Michael Anop, a longtime Tokyo resident and entrepreneur, says he is “very much a people’s person,” as demonstrated by a definite talent for connecting with the right individuals to make things happen.
As a teenager, he dreamed of a career working with young people in the counseling field. But after arriving in Japan just as the bubble era came to an end in the late 1980s, he was soon carving out a niche for himself in the business world.
Years later, the March 2011 Great East Japan Earthquake and tsunami that devastated parts of the Tohoku region proved to be a turning point in his life.
While volunteering in Minamisoma, Fukushima Prefecture, he watched families resettle into temporary housing and realized he could make a difference in their lives through building playgrounds for the children. He moved quickly to bring his idea to fruition, resulting in the “Playground of Hope” project.
A father of two, Anop understands how important it is for kids to feel they have a safe place to call their own. “As an entrepreneur, you look for a void in the market and rush to fill it to make a profit. But in this case, I was rushing because kids are only kids for a short time and I knew the government had so many other things to fix first,” he says. “Building new parks was at least three or four years down the agenda and so I wanted to do something for those kids now.”
The Massachusetts native originally came to this country to try his hand at modeling, after hearing about opportunities while traveling round Europe in his student days. Arriving in 1989 in his mid-20s, he quickly found success, landing his first photo shoot within a month. However, as the modeling market became saturated with foreigners, Anop gradually shifted his attention to other endeavors.
“It was the end of the bubble era but money was still flowing. By 1991, I was running a nightclub in Roppongi. It was a fluke — I knew someone who had just closed a rock club, six months after opening it, and I talked him into letting me open an ‘after-hours nightclub’ where people could hang out after the other clubs had closed. This led to connections with all the ‘in crowd’ photographers, dancers, DJs — and morphed into chances to work on other projects.”
Over the ensuing years, Anop branched out into event planning and music video production, his crowning achievement being a video for the Japanese rock band L’Arc-en-Ciel. “It was a novelty to work with foreigners back then, so it was relatively easy to get a foot in the door,” he notes. “But I actually did make a good producer!”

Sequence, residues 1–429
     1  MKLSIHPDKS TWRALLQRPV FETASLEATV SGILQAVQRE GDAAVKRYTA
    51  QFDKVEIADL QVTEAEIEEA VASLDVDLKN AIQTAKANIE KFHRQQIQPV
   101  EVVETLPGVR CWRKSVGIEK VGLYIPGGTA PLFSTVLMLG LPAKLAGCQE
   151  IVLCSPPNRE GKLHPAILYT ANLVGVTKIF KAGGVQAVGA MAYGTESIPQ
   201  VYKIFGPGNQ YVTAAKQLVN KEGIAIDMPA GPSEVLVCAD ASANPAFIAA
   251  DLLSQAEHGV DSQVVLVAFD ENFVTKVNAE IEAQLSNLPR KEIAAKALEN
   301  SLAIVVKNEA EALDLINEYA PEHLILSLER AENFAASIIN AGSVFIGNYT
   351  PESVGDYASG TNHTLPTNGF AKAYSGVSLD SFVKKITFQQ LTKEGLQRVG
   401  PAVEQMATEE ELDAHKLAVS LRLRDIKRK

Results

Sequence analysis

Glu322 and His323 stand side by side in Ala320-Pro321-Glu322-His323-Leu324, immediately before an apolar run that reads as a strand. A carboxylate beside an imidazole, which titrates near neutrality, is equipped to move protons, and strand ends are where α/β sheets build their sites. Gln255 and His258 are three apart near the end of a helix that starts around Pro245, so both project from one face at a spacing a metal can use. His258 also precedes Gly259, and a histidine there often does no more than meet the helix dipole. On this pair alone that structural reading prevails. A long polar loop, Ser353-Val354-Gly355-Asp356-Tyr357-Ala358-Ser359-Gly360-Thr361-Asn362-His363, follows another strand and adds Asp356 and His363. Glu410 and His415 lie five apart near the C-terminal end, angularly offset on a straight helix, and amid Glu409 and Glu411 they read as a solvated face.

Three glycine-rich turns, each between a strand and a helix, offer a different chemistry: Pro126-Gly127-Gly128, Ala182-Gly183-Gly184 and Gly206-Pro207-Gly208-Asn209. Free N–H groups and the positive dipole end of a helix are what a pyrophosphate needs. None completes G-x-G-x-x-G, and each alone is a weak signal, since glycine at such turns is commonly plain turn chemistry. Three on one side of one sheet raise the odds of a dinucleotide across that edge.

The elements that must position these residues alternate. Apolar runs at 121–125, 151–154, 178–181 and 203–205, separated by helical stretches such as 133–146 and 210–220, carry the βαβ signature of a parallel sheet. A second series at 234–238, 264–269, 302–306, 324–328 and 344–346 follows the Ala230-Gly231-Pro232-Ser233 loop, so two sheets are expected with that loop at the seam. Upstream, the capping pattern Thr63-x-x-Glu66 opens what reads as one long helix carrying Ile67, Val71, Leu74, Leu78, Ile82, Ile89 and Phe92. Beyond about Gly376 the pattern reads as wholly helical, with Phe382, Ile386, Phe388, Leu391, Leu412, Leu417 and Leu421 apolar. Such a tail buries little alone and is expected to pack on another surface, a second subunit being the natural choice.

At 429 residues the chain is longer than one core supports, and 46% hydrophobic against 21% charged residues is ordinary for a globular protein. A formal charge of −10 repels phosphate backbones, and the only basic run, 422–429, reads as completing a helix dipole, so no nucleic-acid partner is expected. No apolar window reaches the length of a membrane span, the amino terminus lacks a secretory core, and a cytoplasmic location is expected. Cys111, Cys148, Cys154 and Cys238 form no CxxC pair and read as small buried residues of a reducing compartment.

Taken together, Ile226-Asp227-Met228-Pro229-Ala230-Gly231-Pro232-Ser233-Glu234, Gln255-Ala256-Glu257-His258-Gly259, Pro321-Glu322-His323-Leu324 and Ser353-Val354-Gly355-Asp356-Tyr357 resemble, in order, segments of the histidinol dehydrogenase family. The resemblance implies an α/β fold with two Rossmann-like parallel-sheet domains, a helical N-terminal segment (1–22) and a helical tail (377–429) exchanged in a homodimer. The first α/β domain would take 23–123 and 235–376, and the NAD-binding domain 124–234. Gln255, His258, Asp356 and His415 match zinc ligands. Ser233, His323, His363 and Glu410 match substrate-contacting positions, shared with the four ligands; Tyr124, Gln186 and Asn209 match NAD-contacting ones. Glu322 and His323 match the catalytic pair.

Anop first met his Japanese wife-to-be during this period, while doing product promotions in a “pedestrian paradise” in Harajuku. “Part of Omotesando was closed to traffic on Sundays in those days, and it was where all the street bands and dancers hung out. She was the manager for one of the bands, and came up to me and starting chatting in English.” Although the pedestrian paradise in the area ended in the late 1990s, the couple’s friendship endured and they married in 2004.
These days, Anop’s main business is handling the Japanese franchise for the Z-CARD, a compact communications and marketing tool that is widely used at Japanese rock music festivals. He also runs a talent management and production agency, Eclipse Production.
Shortly after the 2011 mega-quake, he started volunteering in the tsunami-ravaged Tohoku communities.
“After the events in Tohoku, I found myself with time on my hands. I had people in place to take care of business here in Tokyo, so I was ready to give back by volunteering. This was the first time I’d seen people in profound shock. They were there, but they weren’t there,” he says somberly.
As volunteering efforts moved from rescue to recovery, Anop became involved in helping to coordinate the delivery and distribution of regular truckloads of water and produce to people in temporary housing units. “I started noticing things. I saw a small boy, around my daughter’s age, clinging to his mother’s legs. He didn’t want to leave her side. Clearly, the kid was stressed out and so was she.
“I also noticed that the people in the temporary units came out of their houses and interacted when we arrived with the food and water. These were people who had been thrown together by the disaster, people who had never met before and had no previous connections. They had to learn how to become a community again.”
Some months before, a friend of Anop’s in Italy, who sold playground equipment, had asked if he could be of any help. “At the time, my reaction was, ‘How?’ But thinking it over, I realized those kids had nothing. They were playing with stones and sticks. I began thinking about places we could put up a playground.”